Violence in Sudan's Darfur killed 250, displaced 100,000: UN
Iran Press TV
Sunday, 24 January 2021 5:19 PM
The United Nations High Commissioner for Refugees (UNHCR) has expressed alarm over tribal violence in Sudan's conflict-ridden Darfur region, saying the conflict has killed at least 250 people and displaced more than 100,000 others.
UNHCR spokesman, Boris Cheshirkov, whose remarks were published Sunday, said that about 3,500 Sudanese refugees, mostly women and children, have fled into neighboring Chad.
"These refugees – the majority of them women and children – have been hosted in four very remote locations that lack basic services or public infrastructure, where they have been sheltering under trees," Cheshirkov said in Geneva on Friday.
"Due to the COVID-19 situation, Chadian local authorities are directing the new arrivals to a transit site, where they will undergo quarantine before being relocated to an existing refugee camp, away from the border," he added.
He also said that the UN agency is rushing supplies to the area to respond to their needs, as well as mobilizing resources as part of an inter-agency response.
Before the latest influx, there were more than 350,000 Sudanese refugees in Chad, according to the agency.
The violence in West Darfur reportedly started as a local dispute on January 15 between the Massalit tribe and Arab nomads in the state capital El Geneina, before quickly morphing into broader fighting involving armed militias in the area.
State Governor Mohamed Abdalla al-Douma said at least 100 people were killed, more than 130 others were injured and up to 50,000 people were forced to flee areas in and around the Kerindig camp for internally displaced persons (IDPs).
Sudanese authorities imposed a state-wide curfew in West Darfur, while the Khartoum government dispatched a "high-profile" delegation to help contain the situation.
Separate clashes on January 18 in South Darfur between members of the Fallata ethnic group and the Arab Rizeigat tribe also claimed the lives of at least 55 people and wounded 37 others.
Sudan's state news agency, SUNA, reported at the time that a heavy troop presence had restored order in the town of Gereida, where the deadly clashes took place.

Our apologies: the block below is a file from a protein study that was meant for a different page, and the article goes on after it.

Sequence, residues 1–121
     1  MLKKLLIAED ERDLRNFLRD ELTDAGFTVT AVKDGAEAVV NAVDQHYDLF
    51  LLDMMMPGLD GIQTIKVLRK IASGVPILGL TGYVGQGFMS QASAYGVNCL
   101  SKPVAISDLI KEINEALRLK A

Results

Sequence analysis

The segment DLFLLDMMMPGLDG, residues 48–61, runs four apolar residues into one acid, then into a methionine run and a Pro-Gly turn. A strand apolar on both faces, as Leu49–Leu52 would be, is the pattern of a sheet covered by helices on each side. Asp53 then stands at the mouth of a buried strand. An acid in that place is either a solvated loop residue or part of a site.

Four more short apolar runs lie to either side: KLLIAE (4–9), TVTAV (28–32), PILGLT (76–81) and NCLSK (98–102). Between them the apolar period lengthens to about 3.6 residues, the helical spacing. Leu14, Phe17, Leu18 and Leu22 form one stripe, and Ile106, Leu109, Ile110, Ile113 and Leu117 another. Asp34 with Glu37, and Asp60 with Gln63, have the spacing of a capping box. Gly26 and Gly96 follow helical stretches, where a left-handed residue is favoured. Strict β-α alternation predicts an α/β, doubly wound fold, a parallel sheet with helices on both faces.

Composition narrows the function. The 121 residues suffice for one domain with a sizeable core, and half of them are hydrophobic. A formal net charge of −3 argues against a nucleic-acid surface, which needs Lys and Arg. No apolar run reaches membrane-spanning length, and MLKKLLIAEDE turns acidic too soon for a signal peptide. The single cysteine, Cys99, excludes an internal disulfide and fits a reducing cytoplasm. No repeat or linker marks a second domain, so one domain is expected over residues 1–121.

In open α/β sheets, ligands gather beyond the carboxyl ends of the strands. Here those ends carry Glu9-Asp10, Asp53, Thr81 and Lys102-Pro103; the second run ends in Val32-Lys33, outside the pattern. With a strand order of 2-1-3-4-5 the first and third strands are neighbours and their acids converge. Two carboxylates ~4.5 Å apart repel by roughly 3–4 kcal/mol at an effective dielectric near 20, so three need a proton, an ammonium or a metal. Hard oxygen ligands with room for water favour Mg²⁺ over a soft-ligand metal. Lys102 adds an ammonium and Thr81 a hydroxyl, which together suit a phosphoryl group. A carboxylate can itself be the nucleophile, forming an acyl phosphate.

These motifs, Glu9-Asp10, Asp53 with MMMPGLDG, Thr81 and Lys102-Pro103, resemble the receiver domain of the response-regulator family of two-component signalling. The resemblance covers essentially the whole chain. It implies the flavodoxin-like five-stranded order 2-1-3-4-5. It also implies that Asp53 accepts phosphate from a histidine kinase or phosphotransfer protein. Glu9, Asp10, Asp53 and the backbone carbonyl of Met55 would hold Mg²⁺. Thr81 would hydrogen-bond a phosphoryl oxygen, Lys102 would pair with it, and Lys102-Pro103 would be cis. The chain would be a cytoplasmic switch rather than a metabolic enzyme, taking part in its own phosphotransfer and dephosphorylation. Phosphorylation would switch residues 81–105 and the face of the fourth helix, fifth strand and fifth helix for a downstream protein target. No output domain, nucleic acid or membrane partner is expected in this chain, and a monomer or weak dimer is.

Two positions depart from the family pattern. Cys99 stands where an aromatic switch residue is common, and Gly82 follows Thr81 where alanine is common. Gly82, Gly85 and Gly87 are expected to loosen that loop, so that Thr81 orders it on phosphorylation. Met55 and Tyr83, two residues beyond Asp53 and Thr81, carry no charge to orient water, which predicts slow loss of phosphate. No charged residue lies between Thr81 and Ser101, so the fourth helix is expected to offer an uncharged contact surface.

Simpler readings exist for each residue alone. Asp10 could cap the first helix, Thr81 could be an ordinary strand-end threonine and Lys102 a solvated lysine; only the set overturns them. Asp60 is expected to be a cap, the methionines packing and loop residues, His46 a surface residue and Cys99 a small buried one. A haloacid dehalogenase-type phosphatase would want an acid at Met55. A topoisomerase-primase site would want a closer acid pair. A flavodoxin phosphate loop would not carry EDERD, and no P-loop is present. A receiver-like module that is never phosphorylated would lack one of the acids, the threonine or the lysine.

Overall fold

The latest attacks came just weeks after a long-running peacekeeping mission ended its operation in the region.
On December 31, the hybrid United Nations African Union Mission in Darfur (UNAMID) formally ended its operations in the region. It plans a phased withdrawal of its approximately 8,000 armed and civilian personnel within six months.
People in Darfur protested the departure of the UN peacekeepers, citing fears of renewed violence.
The eruption of tribal violence in Darfur has sounded the alarm in Sudan over the fragile situation in the region.
UN Secretary-General Antonio Guterres has already expressed concern about the violence in Darfur.
Brokering lasting peace in Darfur and other parts of Sudan is one of the main challenges facing military and civilian authorities sharing power following the overthrow of former president Omar al-Bashir in April 2019.
Conflict broke out in Darfur in 2003 after mostly non-Arab rebels rose up against Khartoum. Up to 300,000 people have been killed and 2.5 million displaced, including more than 180,000 displaced in West Darfur, according to UN estimates.
Back then, the Arab-dominated government in Khartoum responded by recruiting and arming a notorious Arab-dominated militia known as the Janjaweed. The main conflict has subsided over the years, but ethnic and tribal clashes still flare periodically.
Sudan is undergoing a rocky political transition after the ouster of Bashir in April 2019 triggered by mass protests against his rule. Bashir, who is currently in custody in Khartoum, is wanted by the International Criminal Court for alleged genocide and war crimes in Darfur perpetrated over a decade ago.
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